## Simulation Analysis

Scenario analysis and sensitivity analysis are widely used. With scenario analysis, we let all the different variables change, but we let them take on only a small number of values. With sensitivity analysis, we let only one variable change, but we let it take on a large number of values. If we combine the two approaches, the result is a crude form of simulation analysis.

If we want to let all the items vary at the same time, we have to consider a very large number of scenarios, and computer assistance is almost certainly needed. In the simplest case, we start with unit sales and assume that any value in our 5,500 to 6,500 range is equally likely. We start by randomly picking one value (or by instructing a computer to do so). We then randomly pick a price, a variable cost, and so on.

Once we have values for all the relevant components, we calculate an NPV. We repeat this sequence as much as we desire, probably several thousand times. The result is simulation analysis

### A combination of scenario and sensitivity analysis.

Ross et al.: Fundamentals I IV. Capital Budgeting I 11. Project Analysis and I I © The McGraw-Hill of Corporate Finance, Sixth Evaluation Companies, 2002

Edition, Alternate Edition

356 PART FOUR Capital Budgeting a large number of NPV estimates that we summarize by calculating the average value and some measure of how spread out the different possibilities are. For example, it would be of some interest to know what percentage of the possible scenarios result in negative estimated NPVs.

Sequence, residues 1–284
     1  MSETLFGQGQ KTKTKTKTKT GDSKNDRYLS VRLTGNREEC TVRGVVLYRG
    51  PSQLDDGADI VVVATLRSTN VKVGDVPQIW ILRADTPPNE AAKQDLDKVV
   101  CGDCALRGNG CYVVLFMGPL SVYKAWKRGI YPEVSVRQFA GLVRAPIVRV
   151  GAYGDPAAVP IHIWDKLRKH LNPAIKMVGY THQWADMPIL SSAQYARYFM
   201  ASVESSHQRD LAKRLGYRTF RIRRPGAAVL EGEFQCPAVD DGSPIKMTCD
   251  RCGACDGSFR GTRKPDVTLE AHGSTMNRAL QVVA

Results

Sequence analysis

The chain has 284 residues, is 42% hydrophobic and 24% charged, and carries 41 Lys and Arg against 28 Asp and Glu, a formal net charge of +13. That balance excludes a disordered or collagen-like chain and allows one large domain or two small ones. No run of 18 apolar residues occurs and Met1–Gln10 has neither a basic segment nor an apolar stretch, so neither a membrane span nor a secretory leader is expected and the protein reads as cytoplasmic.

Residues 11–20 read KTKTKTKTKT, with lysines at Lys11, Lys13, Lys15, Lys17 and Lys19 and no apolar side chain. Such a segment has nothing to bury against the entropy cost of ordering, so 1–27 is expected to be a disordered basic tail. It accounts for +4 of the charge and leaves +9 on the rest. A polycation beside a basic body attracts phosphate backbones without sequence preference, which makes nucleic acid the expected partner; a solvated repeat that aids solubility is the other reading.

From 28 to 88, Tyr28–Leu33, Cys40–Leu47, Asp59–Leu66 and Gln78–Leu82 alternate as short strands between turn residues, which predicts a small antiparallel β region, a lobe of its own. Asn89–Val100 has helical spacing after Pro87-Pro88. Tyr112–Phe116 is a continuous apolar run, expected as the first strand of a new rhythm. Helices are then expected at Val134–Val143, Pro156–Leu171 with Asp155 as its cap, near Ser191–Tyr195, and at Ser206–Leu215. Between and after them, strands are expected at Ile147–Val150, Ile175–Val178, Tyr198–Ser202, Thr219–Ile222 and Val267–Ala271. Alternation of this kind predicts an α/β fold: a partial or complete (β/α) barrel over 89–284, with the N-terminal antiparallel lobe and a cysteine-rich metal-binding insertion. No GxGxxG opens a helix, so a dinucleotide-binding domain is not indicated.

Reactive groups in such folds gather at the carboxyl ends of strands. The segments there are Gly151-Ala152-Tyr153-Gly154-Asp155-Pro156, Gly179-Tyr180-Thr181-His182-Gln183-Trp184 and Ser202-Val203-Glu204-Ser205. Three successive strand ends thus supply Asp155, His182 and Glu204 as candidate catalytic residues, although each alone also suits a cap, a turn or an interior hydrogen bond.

Because simulation analysis (or simulation) is an extended form of scenario analysis, it has the same problems. Once we have the results, there is no simple decision rule that tells us what to do. Also, we have described a relatively simple form of simulation. To really do it right, we would have to consider the interrelationships between the different cash flow components. Furthermore, we assumed that the possible values were equally likely to occur. It is probably more realistic to assume that values near the base case are more likely than extreme values, but coming up with the probabilities is difficult, to say the least.

For these reasons, the use of simulation is somewhat limited in practice. However, recent advances in computer software and hardware (and user sophistication) lead us to believe it may become more common in the future, particularly for large-scale projects.

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